Maximizing the Impact of Student-Run Campus Consultancies

Illinois State has created a centralized, cross-disciplinary hub to coordinate students’ extracurricular projects in the community.
Maximizing the Impact of Student-Run Campus Consultancies

ONE STAPLE AT many of today’s business schools is the student consultancy project, in which cross-disciplinary student teams help real-world businesses solve pressing problems. But finding and coordinating a large number of such extracurricular projects can be a complex logistical challenge, says Jim Jones of the College of Business at Illinois State University in Normal—and it’s equally challenging to find and organize the right students for each job.

“Clients would bring us projects requiring skills in risk management, statistics, agribusiness, computer science, and remote sensing, and we would spend a lot of time asking people if they knew students who would be right for the project,” says Jones, who is the executive director of ISU’s Katie School of Insurance. “It was inefficient and time-consuming. We just wanted to have a central place for the campus community to direct faculty and students who were interested in doing innovative and cross-disciplinary client projects that impact organizations and society.”

To streamline the process of finding and coordinating team projects, the school created its Innovation Consulting Community (ICC). The ICC comprises a dedicated team of coordinators, as well as a virtual hub where faculty, students, and corporate partners can more easily submit, find, and join cross-disciplinary projects. Once students are assigned to project teams, they are provided with mentorship and online learning modules to prepare them for their team project experiences.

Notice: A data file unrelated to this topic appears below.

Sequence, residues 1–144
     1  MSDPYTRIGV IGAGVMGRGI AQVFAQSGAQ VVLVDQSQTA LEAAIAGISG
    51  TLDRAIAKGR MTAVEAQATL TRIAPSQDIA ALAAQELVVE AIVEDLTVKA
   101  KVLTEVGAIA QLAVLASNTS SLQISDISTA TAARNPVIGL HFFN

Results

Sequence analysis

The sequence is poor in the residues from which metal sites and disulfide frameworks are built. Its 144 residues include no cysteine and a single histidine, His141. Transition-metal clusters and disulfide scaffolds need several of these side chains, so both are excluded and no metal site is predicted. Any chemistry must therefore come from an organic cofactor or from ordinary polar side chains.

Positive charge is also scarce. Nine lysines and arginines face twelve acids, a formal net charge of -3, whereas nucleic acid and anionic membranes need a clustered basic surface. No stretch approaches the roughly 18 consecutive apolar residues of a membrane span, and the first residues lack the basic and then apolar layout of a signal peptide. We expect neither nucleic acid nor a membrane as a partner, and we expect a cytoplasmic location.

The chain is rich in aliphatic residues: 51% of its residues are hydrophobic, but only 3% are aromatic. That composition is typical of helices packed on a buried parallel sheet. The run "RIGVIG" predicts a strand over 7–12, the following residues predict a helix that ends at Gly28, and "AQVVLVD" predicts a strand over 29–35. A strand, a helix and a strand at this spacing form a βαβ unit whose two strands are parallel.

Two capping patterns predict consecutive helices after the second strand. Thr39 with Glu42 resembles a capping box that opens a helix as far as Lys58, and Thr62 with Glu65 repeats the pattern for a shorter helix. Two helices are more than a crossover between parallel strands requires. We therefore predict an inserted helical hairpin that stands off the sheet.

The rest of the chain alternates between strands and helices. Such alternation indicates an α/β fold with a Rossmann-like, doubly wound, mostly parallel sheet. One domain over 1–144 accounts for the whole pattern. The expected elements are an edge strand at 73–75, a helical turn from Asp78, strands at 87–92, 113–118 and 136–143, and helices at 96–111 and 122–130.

Currently, eight faculty and staff from across the university volunteer as ICC coordinators, including those from the College of Business as well as from the schools of applied science and technology, chemistry, and music. These volunteers also include Missy Nergard, the university’s director of sustainability. Together, they identify projects and assign students to teams. Many times, the coordinators hear about potential projects through alumni, advisory board members, and faculty and staff who learn of opportunities as they interact with community organizations.

The ICC team often identifies faculty with similar research or teaching interests to act as mentors. Mentors are asked to meet with their teams once or twice in the fall and once every two weeks in the spring; they also regularly communicate with their teams via an agreed-upon online platform. Each mentor provides feedback, supports client management, and helps teams clarify goals and overcome obstacles that could delay project completion.


With this central system in place, ICC coordinators find it easier to bring attention to available projects. Each year, the ICC posts projects on its online hub in late summer to early fall. It also promotes them via ads in the student newspaper, presentations to individual classes and student organizations, articles on college websites, and email blasts targeting specific student populations. “We encourage mentor faculty to recruit students from past or current semesters they feel would have interest,” says Peter Kaufman, an ICC coordinator and professor of marketing.

The ICC also plans to create a video highlighting the testimonials of students who have participated in the past, as a way to build awareness of the benefits of ICC participation.

When students read about projects that interest them, they can submit their résumés and project preferences online to ICC coordinators, who interview applicants and try to assign selected students to their first-choice projects. Projects without sufficient student interest will not be pursued. The ICC works with the university’s legal counsel to work out any confidentiality or nondisclosure agreements and to explain to students what they can document on their résumés and LinkedIn profiles.